By Mamadou Dem
Yusupha Nyassi of Rural Finance Project (RFP) on Tuesday 15th
September, 2015 appeared before Magistrate Abdoulie Fatty of the lower
court in Banjul charged with a single count of Economic Crime contrary
to section 5 (f) of the Economic Crimes (Specified Offences) Act.
The particulars of offence alleged that the aforesaid person sometime
in 2011 to 2013, in Banjul and diverse places in the Republic of The
Gambia, being an employee of the Rural Finance Project (RFP) allocated
himself and benefited from a monthly fuel allowance amounting to six
hundred and seventy two thousand five hundred dalasis (672,500.00)
without approval from the Project Steering Committee causing economic
loss to the Government of the Gambia, thereby committed an offence.
Mr. Nyassi pleaded not guilty as charged and was released on bail in
the sum of one million dalasis with two Gambian sureties to enter into
recognisance of the said sum.
Prior to granting the accused bail, police prosecutor PC 1519 Kora
applied under section 62 Sub (1) of the Criminal Procedure Code (CPC)
for the matter to be transferred to the Special Criminal Division of
the High Court. He said the charge for which the accused is standing
trial is a capital offence and the lower court lacks jurisdiction
to hear the case.
“Meanwhile we are praying for the accused to be remanded in custody at
the State’s Central Prison (Mile II) pending his appearance at the High
Court,” he submitted.
PC Kora further told the court that the matter is still under
investigation and there is likelihood for the accused to jump bail.
Delivering the ruling, Magistrate Fatty stated that he agreed with the
prosecution that the court lacks jurisdiction to try the case pursuant
to section 62 (1) of the CPC. He said bearing in mind section 9 of the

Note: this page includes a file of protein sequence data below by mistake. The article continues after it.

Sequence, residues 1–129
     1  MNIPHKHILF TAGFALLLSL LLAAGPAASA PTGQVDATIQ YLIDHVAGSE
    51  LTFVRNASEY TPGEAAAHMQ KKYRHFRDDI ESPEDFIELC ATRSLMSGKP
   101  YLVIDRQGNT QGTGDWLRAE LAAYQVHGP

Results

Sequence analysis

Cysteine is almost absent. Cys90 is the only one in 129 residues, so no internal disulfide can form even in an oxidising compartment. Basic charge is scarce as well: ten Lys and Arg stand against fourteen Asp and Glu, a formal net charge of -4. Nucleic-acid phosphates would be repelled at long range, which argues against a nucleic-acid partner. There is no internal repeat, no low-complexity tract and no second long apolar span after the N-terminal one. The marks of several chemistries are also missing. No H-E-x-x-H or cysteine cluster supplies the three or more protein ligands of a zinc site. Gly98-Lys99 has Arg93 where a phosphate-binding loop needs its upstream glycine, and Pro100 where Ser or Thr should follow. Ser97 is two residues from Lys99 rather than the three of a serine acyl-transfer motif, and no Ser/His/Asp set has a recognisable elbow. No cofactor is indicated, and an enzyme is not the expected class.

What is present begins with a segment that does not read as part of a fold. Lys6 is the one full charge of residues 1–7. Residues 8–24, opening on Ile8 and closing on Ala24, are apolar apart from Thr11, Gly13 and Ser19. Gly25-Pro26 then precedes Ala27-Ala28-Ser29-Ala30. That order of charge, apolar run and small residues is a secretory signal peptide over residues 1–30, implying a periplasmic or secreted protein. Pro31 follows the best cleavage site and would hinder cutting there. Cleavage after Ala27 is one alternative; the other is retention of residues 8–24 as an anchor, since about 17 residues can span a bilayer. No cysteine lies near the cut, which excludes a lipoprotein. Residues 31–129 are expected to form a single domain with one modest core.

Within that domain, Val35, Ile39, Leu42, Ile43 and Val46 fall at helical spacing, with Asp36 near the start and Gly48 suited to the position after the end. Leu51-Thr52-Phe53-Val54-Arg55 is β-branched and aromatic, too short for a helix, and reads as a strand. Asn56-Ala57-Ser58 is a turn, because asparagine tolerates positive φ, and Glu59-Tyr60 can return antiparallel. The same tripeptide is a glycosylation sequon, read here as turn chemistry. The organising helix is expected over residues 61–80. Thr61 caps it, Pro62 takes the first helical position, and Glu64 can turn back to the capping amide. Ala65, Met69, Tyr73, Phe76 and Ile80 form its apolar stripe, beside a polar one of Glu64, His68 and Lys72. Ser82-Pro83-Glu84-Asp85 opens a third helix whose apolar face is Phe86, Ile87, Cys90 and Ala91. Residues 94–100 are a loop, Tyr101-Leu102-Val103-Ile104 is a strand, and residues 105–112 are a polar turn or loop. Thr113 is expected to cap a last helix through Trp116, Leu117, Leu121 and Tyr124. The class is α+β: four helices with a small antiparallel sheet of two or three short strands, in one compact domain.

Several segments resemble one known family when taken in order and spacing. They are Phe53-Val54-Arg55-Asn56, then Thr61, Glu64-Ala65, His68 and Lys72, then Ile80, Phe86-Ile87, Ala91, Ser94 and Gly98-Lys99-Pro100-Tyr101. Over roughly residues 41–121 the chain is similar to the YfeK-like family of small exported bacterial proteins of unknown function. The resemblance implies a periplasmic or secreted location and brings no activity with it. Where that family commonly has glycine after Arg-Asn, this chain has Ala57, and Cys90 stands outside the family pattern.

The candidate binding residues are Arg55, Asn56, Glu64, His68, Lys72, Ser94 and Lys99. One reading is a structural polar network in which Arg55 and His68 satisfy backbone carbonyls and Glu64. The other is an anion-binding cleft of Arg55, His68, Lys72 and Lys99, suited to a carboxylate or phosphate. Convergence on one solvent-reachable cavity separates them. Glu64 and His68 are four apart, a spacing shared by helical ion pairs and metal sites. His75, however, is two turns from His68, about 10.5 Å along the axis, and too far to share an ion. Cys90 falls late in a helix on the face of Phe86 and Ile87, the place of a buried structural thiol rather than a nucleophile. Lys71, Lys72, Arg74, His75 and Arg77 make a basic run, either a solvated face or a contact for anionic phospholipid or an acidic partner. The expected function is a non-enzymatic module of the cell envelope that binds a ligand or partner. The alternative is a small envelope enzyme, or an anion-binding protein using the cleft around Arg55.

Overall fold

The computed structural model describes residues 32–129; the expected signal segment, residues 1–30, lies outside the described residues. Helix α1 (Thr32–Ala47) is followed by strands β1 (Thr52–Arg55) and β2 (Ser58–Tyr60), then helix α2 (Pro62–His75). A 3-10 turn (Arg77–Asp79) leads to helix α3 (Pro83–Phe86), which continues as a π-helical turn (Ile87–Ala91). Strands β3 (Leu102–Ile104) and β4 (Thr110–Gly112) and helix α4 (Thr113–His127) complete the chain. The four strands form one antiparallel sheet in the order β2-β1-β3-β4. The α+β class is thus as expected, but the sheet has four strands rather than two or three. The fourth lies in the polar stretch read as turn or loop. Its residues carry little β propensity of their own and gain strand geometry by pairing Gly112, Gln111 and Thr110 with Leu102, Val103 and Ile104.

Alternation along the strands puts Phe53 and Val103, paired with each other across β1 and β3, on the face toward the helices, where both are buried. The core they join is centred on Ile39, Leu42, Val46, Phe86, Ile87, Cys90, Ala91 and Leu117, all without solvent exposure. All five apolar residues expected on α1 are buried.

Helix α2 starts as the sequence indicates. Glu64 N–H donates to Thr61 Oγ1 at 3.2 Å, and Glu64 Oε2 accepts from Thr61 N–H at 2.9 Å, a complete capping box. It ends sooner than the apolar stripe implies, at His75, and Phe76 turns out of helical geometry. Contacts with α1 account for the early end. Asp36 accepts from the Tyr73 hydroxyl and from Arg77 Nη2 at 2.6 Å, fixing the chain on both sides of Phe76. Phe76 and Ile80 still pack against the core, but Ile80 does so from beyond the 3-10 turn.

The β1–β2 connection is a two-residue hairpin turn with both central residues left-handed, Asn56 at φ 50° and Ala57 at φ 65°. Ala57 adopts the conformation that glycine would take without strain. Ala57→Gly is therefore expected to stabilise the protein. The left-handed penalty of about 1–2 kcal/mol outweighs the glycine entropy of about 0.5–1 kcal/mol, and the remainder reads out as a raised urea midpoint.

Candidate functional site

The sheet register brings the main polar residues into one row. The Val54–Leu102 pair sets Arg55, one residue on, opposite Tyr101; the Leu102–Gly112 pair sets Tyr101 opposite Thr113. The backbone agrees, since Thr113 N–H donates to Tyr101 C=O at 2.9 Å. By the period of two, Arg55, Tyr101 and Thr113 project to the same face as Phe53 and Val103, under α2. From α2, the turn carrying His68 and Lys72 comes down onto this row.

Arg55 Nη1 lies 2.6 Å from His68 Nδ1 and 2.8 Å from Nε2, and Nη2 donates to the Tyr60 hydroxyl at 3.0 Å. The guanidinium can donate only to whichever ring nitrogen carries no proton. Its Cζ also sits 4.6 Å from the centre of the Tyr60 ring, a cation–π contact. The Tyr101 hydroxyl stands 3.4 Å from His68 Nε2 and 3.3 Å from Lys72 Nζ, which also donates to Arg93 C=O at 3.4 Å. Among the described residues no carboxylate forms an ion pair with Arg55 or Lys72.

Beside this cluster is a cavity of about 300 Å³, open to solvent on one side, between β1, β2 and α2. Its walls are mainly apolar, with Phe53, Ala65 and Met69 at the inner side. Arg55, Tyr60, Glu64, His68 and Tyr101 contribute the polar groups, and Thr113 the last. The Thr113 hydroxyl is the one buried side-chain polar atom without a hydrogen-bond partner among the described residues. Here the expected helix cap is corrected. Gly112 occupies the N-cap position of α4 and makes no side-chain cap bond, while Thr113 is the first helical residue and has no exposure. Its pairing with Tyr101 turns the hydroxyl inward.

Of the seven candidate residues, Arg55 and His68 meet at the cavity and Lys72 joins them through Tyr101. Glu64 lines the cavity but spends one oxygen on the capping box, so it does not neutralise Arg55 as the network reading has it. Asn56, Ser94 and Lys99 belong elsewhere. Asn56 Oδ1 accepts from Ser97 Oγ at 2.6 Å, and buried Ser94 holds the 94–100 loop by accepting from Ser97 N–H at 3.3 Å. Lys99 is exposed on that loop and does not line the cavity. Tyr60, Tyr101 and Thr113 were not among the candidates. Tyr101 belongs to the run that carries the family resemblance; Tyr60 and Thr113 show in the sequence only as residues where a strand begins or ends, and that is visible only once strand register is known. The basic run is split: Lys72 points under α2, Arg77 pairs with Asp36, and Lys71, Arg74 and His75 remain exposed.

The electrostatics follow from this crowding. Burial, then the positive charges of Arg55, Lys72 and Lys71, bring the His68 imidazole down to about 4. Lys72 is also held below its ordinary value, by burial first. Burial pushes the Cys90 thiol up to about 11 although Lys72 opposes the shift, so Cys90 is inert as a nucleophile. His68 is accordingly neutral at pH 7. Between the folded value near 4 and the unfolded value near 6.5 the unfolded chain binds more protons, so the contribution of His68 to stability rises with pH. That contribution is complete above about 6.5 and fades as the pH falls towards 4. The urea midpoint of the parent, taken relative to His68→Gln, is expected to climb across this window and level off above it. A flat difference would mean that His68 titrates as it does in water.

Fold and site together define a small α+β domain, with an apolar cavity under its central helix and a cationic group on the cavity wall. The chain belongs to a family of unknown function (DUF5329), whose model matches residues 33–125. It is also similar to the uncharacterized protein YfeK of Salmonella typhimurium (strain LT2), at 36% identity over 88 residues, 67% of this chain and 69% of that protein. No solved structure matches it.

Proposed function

Economic Crime (Specified Offences) Act 1994 the case is transferred
to the high court which has proper jurisdiction to try the case.
“In respect to the issue of bail, I have noted the objection raised by
the prosecution to support the position of not granting the accused
bail, I have also averred my mind to both section 99 of the CPC and
section 8 (1) (a) of the Economic Crime (Specified Offences) Act 1994
which provide that the court may in the exercise of its discretionary
powers grant an accused bail if the surety and the accused provide
such security that the court deems fit,” said the presiding
The trial Magistrate further conditioned the accused’s sureties to
deposit their national identity cards with the court’s registrar and
that one or more of the sureties should be the legal and equitable owner or
proprietor of a piece of land or property situated in the jurisdiction
of Banjul, Kanifing Municipality or West Coast Region but not beyond
Brikama and for such surety to provide his or her title deeds as
security not less than the amount in the recognizance.
“The accused must not either directly or indirectly contact any
relevant person or witness closely associated with the investigations
or prosecution of this case. The accused should report to Banjul
police station every Monday morning and to surrender his ID card and
Passport to the police,” Magistrate Fatty declared.